Super Space Serpent SE / Perpetuum Mobile Kit Review (Switch eShop)
Remember Jeff Minter? Both Perpetuum Mobile and Super Space Serpent SE are heavily inspired by games like Tempest and Polybiusand that’s not bad. There’s always room in the game world for more wireframes, purples, and nice liquid trance beats.
While Perpetuum Mobile sounds like an iPhone game, it’s actually musical term describing “whole musical compositions or passages from them, which are characterized by a continuous stream of notes”. So. It’s also a video game that originally came out on PC, Xbox One, and Oculus Rift as a virtual reality experience last year. Both games in this set are scoring games, and this is the simpler of the two: a 3D procedurally generated endless runner where you head for a screen, laser auto-shoot, destruction, and dodging incoming obstacles. You can grab health badges to stay in the game, and new enemies appear as you keep increasing your speed. You can only move left and right, and there are no buttons to press, making it a pretty easy thing to do.
While it could work better as a VR experience, it lacks the sophistication and immediacy of scoring, and isn’t particularly engaging or varied. However, the music is nice and the visual style, although simplistic, is okay. What he needs is a little more in the way of developing a GPA addict. There are no noticeable visual or audio cues to let you know you’ve collided with an object, meaning you have to keep an eye on your health meter in the top right corner at all times, as well as some sort of boost, smart bombs, or weapon boosts. it would be more interesting. Whatever the case, you’re just entering an endless, relentless, flow tunnel, trying to stay alive and increasing your numbers. You will give it a few runs, but it won’t grab your attention forever.
The Super Space Serpent SE, on the other hand, does a pretty good job of paying homage to Minter. It has a Tempest vibe in its evolving house beat, distorted voice-over and visual feedback, delivering tongue-in-cheek praise all over the screen. Despite its simplicity, it is a far more engaging experience than Perpetuum Mobile. Against the backdrop of a 3D grid, the game runs in 2D within a square arena. You control your ship with the left joystick and fire 360 degrees with the right stick, firing at tiny alien ships, missiles and object formations as they emerge from warp portals. It starts casually enough, letting you get a feel for the positioning, camping spots, and how to move around the arena, but really hits its stride when you get past the first boss stage: the Star Fox Andross-esque skeleton head. From Stage 12 onwards, the challenge certainly continues, and while it doesn’t reach the high adrenaline-pumping heights of Jeff Minter’s best games, Super Space Serpent SE is still playing feverish attack with a low score.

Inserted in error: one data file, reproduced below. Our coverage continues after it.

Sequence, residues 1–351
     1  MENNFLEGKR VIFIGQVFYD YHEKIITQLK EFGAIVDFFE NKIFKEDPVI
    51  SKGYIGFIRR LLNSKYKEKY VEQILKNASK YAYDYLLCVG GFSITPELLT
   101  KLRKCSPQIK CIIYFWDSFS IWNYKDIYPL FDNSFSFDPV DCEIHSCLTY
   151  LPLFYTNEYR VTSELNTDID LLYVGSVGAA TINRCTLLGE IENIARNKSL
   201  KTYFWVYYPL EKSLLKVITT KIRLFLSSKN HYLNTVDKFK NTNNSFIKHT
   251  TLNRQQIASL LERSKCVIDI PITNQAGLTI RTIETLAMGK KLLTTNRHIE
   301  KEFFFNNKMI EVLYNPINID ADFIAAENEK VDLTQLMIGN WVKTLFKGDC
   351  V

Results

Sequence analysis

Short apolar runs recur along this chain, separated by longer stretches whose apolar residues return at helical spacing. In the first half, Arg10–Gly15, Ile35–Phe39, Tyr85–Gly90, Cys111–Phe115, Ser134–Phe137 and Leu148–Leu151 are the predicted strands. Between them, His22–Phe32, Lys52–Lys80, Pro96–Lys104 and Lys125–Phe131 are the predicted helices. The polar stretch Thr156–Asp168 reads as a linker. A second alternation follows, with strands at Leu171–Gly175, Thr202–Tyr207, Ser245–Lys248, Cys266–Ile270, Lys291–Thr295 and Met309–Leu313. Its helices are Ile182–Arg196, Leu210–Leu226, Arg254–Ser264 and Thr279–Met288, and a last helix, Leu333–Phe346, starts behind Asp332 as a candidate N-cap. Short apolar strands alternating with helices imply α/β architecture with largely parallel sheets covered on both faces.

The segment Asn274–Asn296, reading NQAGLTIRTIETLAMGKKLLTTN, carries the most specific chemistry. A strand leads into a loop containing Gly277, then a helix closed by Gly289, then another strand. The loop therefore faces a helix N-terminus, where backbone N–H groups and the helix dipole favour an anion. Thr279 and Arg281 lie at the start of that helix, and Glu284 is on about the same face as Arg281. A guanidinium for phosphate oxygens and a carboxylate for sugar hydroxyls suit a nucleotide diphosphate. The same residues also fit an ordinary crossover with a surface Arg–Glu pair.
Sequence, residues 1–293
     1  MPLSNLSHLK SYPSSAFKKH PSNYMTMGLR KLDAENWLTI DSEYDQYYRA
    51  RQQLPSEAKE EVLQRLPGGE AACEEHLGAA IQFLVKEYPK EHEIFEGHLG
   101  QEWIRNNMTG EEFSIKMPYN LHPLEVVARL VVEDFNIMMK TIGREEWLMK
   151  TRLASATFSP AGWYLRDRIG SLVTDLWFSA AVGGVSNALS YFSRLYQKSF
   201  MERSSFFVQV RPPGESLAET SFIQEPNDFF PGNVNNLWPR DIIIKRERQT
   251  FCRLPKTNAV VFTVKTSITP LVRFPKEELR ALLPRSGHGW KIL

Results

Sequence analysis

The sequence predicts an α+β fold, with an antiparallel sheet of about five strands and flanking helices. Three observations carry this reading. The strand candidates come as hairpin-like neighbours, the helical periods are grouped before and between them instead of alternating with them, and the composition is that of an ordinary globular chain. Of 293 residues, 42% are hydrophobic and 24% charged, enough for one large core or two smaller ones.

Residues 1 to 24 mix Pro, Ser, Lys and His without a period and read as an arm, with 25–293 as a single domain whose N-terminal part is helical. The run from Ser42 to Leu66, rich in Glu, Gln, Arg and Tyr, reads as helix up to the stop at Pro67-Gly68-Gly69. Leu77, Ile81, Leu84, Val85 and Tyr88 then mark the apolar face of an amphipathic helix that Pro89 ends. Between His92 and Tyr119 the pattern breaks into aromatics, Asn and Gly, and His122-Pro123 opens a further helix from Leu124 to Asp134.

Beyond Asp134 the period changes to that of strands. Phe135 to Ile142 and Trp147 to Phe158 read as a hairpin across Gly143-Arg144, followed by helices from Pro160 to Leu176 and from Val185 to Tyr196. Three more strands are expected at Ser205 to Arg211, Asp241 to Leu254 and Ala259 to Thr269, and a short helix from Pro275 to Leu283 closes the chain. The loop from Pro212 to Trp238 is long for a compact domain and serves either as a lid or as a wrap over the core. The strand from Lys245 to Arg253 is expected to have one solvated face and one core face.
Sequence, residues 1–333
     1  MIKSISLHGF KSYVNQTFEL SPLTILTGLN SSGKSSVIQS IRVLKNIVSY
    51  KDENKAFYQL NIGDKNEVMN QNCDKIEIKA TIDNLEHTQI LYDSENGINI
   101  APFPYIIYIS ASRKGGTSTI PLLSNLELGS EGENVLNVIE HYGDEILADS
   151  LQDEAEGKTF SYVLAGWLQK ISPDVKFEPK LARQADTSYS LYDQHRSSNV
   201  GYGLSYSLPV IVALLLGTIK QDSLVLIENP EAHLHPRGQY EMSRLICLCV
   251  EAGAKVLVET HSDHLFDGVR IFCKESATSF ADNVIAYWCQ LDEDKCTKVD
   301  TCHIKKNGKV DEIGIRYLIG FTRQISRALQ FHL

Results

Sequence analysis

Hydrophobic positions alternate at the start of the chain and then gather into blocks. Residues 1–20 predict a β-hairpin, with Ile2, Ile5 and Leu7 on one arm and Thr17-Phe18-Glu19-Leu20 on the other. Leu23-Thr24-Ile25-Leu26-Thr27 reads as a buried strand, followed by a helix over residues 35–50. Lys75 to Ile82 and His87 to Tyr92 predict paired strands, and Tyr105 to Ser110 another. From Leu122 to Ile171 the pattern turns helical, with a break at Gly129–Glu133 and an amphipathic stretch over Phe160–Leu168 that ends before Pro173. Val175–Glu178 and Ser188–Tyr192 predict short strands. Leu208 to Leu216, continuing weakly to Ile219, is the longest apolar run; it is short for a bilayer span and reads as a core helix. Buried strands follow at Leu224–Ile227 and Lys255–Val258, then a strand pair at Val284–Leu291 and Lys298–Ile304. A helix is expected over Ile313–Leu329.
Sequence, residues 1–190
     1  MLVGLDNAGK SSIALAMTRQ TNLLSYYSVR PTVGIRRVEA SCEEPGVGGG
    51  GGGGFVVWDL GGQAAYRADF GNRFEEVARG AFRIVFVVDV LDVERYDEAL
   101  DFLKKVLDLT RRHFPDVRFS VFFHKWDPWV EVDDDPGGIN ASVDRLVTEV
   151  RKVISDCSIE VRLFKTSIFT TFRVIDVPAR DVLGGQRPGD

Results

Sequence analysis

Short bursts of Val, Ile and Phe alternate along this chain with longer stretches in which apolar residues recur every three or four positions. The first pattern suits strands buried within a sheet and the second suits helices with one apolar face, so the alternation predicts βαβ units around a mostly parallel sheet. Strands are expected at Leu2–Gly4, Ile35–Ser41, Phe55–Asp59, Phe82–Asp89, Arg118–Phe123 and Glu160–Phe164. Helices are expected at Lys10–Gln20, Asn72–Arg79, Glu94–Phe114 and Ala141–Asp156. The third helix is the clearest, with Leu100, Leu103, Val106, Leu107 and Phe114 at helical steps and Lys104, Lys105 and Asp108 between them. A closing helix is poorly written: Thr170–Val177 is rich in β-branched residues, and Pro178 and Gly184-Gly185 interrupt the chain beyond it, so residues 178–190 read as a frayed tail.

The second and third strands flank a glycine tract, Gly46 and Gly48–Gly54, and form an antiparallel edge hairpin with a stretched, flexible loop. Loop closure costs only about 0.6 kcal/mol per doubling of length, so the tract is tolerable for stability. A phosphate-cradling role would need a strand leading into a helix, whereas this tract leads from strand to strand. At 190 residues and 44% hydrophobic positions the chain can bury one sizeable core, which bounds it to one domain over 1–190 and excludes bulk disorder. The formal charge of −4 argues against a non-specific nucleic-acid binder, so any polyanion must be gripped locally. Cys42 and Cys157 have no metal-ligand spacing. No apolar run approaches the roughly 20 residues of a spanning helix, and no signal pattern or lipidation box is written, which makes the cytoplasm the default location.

There are random health boosts to get and falling number tickers that can increase attack power. Soaring through the warps, shooting bullets in all directions at the advancing swarms, and trying to survive the countdown that will end the current wave is pretty fun. However, it should be noted that the alien objects are so small in manual mode that they are difficult to track due to the pulsating purple background and various pyrotechnic effects. We’re also not too fond of the green screen handicap that obscures your vision if you unwittingly pick a “6” from the bonus box. Later in the game, this can completely kill your run.
At $12.99, this package could have been a bit cheaper, primarily because the Super Space Serpent SE is the main attraction and the Perpetuum Mobile feels like an added bonus. None of these games will change your expectations of what an indie game can achieve, but if you enjoy classic arcade games like Robotronand can’t get enough of Minter-style trippy audio-visual combinations, you’ll enjoy spending a couple of hours climbing the leaderboards – but probably not much more.